(HealthDay News) — An intervention to reduce sedentary time and increase physical activity yields a transient improvement among patients with chronic kidney disease (CKD), according to a study published online in the Clinical Journal of the American Society of Nephrology.
Kate Lyden, PhD, from the University of Massachusetts in Amherst, and colleagues carried out the Sit Less, Interact, Move More intervention in a 24-week parallel-group, randomized trial among patients with CKD stages 2 to 5. Fifty-four participants in the intervention group underwent accelerometry at baseline and every 4 weeks to develop and monitor adherence to individualized plans targeting sedentary and stepping durations; 52 participants in the control group were given physical activity recommendations and underwent accelerometry at baseline and every 8 weeks.
The researchers observed no change in sedentary and stepping durations in the control group. The maximum decrease in sedentary duration (−43 minutes/day) and number of steps/day (1265) were observed in the intervention group at week 20. At week 24, these numbers were attenuated. Overall treatment effects between groups on sedentary and stepping durations and the number of steps/day were not significantly different in mixed-effect models. Significant reductions in secondary end points of body mass index (−1.1 kg/m2) and body fat percentage (−2.1 percent) were seen in the intervention group.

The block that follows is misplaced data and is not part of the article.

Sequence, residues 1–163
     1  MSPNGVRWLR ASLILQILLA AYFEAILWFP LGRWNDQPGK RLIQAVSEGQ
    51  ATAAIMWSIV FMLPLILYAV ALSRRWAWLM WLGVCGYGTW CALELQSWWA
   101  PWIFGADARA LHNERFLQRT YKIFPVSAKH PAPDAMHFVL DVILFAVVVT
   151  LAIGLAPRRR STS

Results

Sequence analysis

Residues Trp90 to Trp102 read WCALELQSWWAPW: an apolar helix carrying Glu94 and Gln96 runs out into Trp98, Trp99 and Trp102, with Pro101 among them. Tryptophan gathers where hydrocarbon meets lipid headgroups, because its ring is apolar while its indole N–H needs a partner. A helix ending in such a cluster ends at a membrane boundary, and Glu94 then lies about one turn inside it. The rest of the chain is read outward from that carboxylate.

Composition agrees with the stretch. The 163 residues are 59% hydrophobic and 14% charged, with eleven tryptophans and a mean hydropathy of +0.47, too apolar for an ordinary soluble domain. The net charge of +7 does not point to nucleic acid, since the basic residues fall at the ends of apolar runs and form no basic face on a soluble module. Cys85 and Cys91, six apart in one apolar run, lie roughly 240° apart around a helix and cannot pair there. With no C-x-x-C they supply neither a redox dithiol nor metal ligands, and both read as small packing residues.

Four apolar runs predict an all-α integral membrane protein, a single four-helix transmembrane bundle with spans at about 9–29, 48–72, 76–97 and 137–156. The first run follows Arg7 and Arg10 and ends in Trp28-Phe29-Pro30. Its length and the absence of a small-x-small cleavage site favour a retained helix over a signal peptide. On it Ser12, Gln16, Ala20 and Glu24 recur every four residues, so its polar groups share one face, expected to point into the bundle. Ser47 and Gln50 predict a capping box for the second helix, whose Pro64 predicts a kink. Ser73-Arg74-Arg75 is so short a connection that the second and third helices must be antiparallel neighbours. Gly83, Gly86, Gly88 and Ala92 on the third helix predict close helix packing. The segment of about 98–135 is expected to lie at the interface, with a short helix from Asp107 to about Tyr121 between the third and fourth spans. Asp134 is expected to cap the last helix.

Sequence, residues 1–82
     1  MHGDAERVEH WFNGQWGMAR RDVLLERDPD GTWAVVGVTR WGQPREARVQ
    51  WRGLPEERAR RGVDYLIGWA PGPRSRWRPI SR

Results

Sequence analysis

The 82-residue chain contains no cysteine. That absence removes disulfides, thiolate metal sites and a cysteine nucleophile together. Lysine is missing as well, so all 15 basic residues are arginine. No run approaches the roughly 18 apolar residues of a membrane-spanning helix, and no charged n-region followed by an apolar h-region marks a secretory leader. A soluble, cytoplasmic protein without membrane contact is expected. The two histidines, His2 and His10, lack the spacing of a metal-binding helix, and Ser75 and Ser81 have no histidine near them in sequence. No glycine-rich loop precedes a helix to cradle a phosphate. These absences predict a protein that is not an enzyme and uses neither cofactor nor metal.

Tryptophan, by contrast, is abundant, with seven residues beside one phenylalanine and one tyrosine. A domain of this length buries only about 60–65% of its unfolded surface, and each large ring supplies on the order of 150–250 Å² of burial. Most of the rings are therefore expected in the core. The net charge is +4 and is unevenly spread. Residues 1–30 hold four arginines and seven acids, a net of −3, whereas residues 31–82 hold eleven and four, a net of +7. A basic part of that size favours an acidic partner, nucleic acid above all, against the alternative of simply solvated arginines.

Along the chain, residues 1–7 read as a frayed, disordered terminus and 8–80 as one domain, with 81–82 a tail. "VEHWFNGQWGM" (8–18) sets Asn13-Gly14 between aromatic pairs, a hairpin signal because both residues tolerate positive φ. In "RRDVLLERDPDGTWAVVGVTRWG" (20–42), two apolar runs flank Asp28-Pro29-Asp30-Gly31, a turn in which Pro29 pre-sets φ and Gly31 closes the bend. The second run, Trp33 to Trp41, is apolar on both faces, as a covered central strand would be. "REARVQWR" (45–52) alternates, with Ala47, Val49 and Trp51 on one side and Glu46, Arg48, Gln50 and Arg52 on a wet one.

“While it is feasible to reduce sedentary duration in patients with CKD, additional co-interventions might be needed to sustain these effects long-term,” a coauthor said in a statement.
Several authors disclosed financial ties to the pharmaceutical industry.
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